At least 11 Wisconsin counties may add an advisory referendum to the November ballot on the question of whether Wisconsin should expand BadgerCare and take the federal funding that would cover the full cost of newly eligible childless adults. The proposed ballot measure has generated a healthy debate about whether the Medicaid expansion topic is an appropriate matter for an advisory referendum.
There are many strong arguments in favor of taking the federal funding (see WCCF’s “Top Ten” list); however, some people who argue against including the BadgerCare question on the November ballot contend that it’s not a concern of county government. But even if we assume for the moment that an interest in county residents’ access to affordable health care isn’t reason enough for counties to allow voters to weigh in on the issue, counties also have their own reasons to be very interested in whether the state expands BadgerCare and accepts the federal funds:
- One very important consideration for counties is they bear the financial responsibility (rather than the state) for some community-based Medicaid services. By getting 100% federal funding for coverage of childless adults below 138% of the federal poverty level, counties would enjoy substantial savings for mental health services. They could use those savings either to improve those services or for other local purposes, including property tax relief.
- Another important consideration for counties is that the state recently projected a $93 million GPR deficit in the Medicaid budget – primarily as a result of the much higher than anticipated BadgerCare enrollment of childless adults with incomes below the federal poverty level. That deficit could be eliminated by expanding BadgerCare eligibility and accepting the full federal funding for coverage of childless adults. If policymakers don’t choose that option, significant budget cuts will be needed, and state aid for counties could be one of the budget items at risk.
The risk of significant cuts to Medicaid or elsewhere is also pertinent with respect to another argument that has been made against the proposed referendum – that there is no chance of convincing the Governor and legislators to reconsider their decision to turn down the federal funding. I think that assumption is mistaken because a number of different factors give new life to the issue – not the least of which is that we are electing new lawmakers this fall, and the candidates will probably have to debate the question of how to close the Medicaid deficit. Putting the Medicaid expansion issue on the ballot in November raises the visibility of that debate during the fall campaigns, and it gives voters who may plan to support GOP candidates for other reasons an opportunity to send those candidates a message that they should rethink their position on BadgerCare.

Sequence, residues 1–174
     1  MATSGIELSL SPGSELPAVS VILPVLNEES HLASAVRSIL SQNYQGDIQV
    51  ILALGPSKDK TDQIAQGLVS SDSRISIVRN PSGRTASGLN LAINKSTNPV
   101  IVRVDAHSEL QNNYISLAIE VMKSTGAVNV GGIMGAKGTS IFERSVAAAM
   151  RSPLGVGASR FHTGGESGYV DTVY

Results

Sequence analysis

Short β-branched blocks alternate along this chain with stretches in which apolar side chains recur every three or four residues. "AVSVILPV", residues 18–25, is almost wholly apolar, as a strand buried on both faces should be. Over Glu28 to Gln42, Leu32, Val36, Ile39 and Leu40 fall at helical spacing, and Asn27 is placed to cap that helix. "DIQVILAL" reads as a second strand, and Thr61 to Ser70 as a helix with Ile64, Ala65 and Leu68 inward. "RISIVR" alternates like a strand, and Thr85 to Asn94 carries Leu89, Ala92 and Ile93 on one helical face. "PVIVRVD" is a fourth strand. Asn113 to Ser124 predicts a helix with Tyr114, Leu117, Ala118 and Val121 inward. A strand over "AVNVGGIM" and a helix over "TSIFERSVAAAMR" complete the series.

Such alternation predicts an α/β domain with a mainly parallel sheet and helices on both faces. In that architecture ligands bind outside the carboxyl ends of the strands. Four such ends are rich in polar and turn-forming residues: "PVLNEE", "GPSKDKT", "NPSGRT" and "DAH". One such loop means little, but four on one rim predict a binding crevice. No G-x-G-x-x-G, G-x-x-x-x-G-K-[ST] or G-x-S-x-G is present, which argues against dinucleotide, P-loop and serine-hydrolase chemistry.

Some people have argued that advisory referenda are simply a waste of time and money because policymakers won’t pay attention to them. I can relate to that cynicism, but how far do we want to take that line of reasoning? If all lawmakers’ minds are closed on this and other policy issues, should we put an end to public hearings? Should the state save money by taking steps to shut down other forms of public input, such as closing down legislators email accounts?
In the current world of almost unlimited campaign contributions, it’s easy to give in to cynicism and think that public referenda, letters to legislators, and public hearings are all futile exercises. However, I would argue just the opposite. With the rapidly growing influence of money in politics, it is more important than ever to find ways to involve the public and shine more light on the policy choices facing state and local lawmakers.
The question of whether to take federal funding to expand BadgerCare is an important issue for Wisconsin voters and for counties. It makes a lot of sense for counties to put the question on the November ballot – to raise the visibility of the issue and to give voters a chance to weigh in on a very important matter of public policy.
By Jon Peacock